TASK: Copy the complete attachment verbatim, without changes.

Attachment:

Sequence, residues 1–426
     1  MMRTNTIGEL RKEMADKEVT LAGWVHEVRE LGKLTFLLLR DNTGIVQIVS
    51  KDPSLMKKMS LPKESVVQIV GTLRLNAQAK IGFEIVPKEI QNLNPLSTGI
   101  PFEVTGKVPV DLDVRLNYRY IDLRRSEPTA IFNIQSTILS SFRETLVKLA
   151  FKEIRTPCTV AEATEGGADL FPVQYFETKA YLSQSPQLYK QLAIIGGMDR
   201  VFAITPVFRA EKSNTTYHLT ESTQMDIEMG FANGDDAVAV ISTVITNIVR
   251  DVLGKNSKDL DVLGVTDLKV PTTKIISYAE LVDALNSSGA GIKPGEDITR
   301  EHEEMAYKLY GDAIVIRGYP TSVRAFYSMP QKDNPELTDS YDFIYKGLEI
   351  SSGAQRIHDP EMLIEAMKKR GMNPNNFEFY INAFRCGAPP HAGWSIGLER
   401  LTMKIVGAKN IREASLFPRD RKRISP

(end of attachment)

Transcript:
Sequence, residues 1–426
     1  MMRTNTIGEL RKEMADKEVT LAGWVHEVRE LGKLTFLLLR DNTGIVQIVS
    51  KDPSLMKKMS LPKESVVQIV GTLRLNAQAK IGFEIVPKEI QNLNPLSTGI
   101  PFEVTGKVPV DLDVRLNYRY IDLRRSEPTA IFNIQSTILS SFRETLVKLA
   151  FKEIRTPCTV AEATEGGADL FPVQYFETKA YLSQSPQLYK QLAIIGGMDR
   201  VFAITPVFRA EKSNTTYHLT ESTQMDIEMG FANGDDAVAV ISTVITNIVR
   251  DVLGKNSKDL DVLGVTDLKV PTTKIISYAE LVDALNSSGA GIKPGEDITR
   301  EHEEMAYKLY GDAIVIRGYP TSVRAFYSMP QKDNPELTDS YDFIYKGLEI
   351  SSGAQRIHDP EMLIEAMKKR GMNPNNFEFY INAFRCGAPP HAGWSIGLER
   401  LTMKIVGAKN IREASLFPRD RKRISP